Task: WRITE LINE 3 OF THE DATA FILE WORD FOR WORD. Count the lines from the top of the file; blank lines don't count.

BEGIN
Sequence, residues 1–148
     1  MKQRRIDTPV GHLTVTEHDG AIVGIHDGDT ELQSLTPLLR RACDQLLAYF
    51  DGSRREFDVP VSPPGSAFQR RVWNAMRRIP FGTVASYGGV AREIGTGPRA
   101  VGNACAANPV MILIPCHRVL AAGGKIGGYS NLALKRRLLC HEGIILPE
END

    51  DGSRREFDVP VSPPGSAFQR RVWNAMRRIP FGTVASYGGV AREIGTGPRA